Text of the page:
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“Operators feel a need to grow the square footage of their dining rooms as much as they possibly can in order to spread guests out more. As designers, we have to find a way to get them a more efficient kitchen into a smaller footprint.”


— Otto L. Abad, Jr. President Associated Food Equipment and Supply Company, Inc. New Orleans, LA


“Because demand shot up so high and so quickly, they’re taking a while to produce.” At Bizerba, Griesmer is seeing high demand for kitchen equipment that can accommodate social-distancing rules. Known for being a “close contact” workplace – where cooks, chefs, servers, and support staff work shoulder-to-shoulder to get orders out quickly – the kitchen is now being reimagined to ensure both worker and diner safety. To meet these demands, manufacturers and dealers are focusing on physical spacing issues and on the need for more “contactless” processes to minimize the number of human touches on food. Bizerba, for example, makes vertical, stand-based, high-speed slicers. Although the slicer wasn’t designed specifically for COVID, its size ensures a six-foot cushion of space for the operator. In addition, the programmable machine slices and stacks food without the need for human contact – a feature that promotes the touchless environment while also factoring in labor shortages that restaurants may be dealing with right now.


10 FEDA News & Views


The slicers are popular with pizza establishments, says Griesmer, who lowered the price by $12,000 to make the machines more affordable during the pandemic. The company also started two trade-in promotions (one $5,000 and the other $7,000) to help encourage operators to trade in their used equipment and invest in a new, COVID-friendly slicer.


The company is also making a slaw tray that helps decrease hand contact with food. The tray now comes standard on all of Bizerba’s fully automatic slicers. “The user can capture all of the food, juice, and moisture in a pan,” Griesmer says, “and then dump it right back into another pan without touching it.”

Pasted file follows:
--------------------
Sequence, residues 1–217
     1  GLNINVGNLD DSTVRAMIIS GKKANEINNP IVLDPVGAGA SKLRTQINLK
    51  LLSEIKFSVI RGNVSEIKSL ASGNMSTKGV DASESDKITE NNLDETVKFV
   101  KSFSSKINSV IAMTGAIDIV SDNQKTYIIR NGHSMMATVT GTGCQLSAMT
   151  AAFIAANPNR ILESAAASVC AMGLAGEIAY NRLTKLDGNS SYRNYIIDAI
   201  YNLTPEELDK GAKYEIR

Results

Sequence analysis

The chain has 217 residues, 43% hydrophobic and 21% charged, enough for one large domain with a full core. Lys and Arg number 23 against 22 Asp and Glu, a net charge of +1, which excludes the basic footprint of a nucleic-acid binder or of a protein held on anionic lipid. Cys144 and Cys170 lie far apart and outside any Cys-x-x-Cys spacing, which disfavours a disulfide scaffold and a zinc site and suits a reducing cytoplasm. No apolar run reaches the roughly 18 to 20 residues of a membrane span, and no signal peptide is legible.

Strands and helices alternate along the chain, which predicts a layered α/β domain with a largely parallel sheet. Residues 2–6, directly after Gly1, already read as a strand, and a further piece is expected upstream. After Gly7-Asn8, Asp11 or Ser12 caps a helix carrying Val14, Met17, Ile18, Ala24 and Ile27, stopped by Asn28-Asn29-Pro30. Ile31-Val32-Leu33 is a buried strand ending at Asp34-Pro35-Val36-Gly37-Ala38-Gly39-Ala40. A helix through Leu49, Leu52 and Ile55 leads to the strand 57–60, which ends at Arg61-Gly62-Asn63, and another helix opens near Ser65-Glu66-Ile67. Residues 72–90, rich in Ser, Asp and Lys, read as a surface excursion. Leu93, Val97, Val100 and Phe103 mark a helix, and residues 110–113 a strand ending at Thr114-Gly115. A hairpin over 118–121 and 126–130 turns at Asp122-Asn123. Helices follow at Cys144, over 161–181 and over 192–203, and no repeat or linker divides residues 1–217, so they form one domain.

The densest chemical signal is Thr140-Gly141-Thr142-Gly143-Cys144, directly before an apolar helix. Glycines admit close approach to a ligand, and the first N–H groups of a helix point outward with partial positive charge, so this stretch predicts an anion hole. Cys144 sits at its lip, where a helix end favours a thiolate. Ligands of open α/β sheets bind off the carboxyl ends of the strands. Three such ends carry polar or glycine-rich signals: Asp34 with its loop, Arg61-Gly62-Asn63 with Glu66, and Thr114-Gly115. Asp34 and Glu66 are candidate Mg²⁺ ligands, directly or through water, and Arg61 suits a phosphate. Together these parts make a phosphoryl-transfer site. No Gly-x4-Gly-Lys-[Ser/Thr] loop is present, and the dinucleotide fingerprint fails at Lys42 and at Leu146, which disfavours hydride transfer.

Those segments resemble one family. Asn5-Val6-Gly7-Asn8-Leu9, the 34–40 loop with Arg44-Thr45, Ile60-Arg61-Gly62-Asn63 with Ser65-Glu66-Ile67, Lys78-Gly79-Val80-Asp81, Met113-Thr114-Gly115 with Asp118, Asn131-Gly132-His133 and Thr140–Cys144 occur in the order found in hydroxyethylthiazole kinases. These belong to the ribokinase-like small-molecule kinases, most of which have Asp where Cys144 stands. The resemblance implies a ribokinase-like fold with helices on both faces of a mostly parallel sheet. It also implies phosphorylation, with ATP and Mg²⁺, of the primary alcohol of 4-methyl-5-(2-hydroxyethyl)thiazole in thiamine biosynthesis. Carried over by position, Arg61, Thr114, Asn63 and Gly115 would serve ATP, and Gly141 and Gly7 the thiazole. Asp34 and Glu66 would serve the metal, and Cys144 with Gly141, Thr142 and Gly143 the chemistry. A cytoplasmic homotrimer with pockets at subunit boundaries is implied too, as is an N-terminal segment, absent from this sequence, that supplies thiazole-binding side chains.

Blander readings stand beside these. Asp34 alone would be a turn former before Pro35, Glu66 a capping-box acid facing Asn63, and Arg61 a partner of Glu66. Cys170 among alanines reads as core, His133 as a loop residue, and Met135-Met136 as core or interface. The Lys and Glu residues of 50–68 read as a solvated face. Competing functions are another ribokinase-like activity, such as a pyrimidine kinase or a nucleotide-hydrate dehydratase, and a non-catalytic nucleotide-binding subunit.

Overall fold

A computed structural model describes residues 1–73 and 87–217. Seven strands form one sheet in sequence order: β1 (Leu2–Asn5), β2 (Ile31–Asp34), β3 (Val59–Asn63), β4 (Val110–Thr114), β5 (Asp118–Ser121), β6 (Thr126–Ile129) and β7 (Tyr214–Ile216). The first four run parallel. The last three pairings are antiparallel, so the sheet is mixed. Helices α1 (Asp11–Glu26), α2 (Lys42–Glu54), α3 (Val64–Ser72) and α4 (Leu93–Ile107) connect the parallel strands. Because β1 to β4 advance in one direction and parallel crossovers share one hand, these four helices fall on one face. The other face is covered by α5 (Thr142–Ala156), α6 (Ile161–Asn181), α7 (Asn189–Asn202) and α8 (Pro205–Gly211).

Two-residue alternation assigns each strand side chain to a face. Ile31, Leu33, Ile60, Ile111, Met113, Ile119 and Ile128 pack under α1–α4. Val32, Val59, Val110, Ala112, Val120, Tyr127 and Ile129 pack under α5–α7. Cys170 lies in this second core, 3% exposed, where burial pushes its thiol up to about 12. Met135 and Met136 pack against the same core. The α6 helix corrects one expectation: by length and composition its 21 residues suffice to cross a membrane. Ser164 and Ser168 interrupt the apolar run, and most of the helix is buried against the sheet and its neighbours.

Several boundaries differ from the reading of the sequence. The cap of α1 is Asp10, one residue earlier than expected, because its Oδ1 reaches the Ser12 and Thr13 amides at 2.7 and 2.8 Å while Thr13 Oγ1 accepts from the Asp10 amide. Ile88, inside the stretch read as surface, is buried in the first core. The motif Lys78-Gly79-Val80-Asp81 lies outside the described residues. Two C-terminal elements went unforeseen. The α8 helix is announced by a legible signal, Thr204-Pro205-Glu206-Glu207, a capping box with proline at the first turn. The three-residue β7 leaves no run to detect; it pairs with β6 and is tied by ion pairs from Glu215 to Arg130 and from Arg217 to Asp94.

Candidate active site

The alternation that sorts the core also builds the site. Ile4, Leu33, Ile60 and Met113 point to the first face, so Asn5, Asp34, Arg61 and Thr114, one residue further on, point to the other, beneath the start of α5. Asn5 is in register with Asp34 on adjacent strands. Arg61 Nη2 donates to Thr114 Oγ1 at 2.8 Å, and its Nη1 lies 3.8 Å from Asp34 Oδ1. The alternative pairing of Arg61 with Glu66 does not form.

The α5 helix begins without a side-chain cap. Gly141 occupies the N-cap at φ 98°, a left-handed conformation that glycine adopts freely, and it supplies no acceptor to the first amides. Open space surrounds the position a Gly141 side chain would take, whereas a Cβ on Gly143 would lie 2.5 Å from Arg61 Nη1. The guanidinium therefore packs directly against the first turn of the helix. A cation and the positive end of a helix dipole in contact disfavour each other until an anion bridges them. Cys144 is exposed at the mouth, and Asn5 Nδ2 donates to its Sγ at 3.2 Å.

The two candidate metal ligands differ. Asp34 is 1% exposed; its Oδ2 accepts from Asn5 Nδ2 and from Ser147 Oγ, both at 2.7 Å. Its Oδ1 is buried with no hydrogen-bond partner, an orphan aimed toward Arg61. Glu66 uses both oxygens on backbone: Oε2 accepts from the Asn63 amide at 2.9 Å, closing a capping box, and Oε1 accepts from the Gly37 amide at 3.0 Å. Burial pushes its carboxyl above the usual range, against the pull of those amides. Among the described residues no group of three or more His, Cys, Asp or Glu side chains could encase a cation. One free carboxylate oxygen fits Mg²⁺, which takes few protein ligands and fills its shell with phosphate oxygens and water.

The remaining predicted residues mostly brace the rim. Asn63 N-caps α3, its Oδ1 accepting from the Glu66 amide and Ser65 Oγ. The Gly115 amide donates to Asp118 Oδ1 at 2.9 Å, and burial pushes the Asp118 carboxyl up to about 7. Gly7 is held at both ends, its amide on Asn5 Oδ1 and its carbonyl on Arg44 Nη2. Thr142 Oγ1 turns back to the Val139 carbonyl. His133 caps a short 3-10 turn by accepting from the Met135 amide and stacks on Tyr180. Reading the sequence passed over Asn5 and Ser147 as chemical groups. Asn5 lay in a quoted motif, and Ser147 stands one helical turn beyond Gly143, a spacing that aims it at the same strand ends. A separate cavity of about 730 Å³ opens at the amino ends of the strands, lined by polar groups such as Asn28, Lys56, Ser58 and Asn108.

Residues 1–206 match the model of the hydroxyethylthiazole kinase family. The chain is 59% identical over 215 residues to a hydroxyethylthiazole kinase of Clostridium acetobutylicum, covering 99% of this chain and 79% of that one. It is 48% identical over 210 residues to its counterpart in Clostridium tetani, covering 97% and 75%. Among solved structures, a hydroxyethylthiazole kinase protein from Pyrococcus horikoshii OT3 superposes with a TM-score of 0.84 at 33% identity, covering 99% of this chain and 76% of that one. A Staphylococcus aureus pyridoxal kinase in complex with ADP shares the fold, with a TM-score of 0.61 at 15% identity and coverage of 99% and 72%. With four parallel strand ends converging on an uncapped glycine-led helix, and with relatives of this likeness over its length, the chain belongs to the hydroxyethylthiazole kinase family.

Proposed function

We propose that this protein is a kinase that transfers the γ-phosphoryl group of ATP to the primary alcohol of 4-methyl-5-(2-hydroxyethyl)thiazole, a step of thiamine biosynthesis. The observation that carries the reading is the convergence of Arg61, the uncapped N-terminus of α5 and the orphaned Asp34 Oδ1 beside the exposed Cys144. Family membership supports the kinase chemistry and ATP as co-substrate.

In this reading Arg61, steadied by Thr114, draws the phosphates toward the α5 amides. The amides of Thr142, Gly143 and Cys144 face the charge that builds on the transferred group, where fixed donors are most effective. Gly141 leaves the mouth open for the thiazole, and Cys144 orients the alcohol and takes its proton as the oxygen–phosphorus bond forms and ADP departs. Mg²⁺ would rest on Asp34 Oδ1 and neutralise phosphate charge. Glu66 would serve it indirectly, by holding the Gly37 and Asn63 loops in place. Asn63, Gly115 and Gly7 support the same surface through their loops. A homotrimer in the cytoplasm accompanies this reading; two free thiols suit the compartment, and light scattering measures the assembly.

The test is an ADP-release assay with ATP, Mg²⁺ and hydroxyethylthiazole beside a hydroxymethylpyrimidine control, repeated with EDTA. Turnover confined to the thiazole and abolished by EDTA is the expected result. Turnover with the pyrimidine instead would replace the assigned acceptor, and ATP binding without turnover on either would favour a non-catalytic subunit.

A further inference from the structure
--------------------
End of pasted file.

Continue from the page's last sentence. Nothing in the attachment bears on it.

Smaller Footprints, Please Operating in an entirely different environment than it had been just one month earlier, Associated Food Equipment and Supply Company, Inc., of New Orleans saw its customers’ needs shift quickly in March. In response, the company started selling personal protective equipment (PPE), infrared thermometers, and hand sanitizer, the latter of which quickly turned into a debacle. “We got a few pallets of hand sanitizer that wound up being the worst-smelling thing I’ve ever smelled,” says Otto L. Abad, Jr., president. “Literally everyone who bought some wound up returning it.”


Missteps aside, Abad says he’s seeing a new focus on getting as much efficiency as possible out of current kitchen and dining room footprints, both of which are going through a major evolution due to COVID-19. Not only do dining room tables now have to be six feet apart in order to meet social- distancing requirements, but kitchen employees can’t work safely unless they have the space to do so.


“We offer design services and are working with customers to squeeze every inch out of their space,” says Abad. He expects the kitchen footprint to continue shrinking as dining room space expands: “Operators feel a need to grow the square footage of their dining rooms as much as they possibly can in order to spread guests out more. As designers, we have to find a way to get them a more efficient kitchen into a smaller footprint.”


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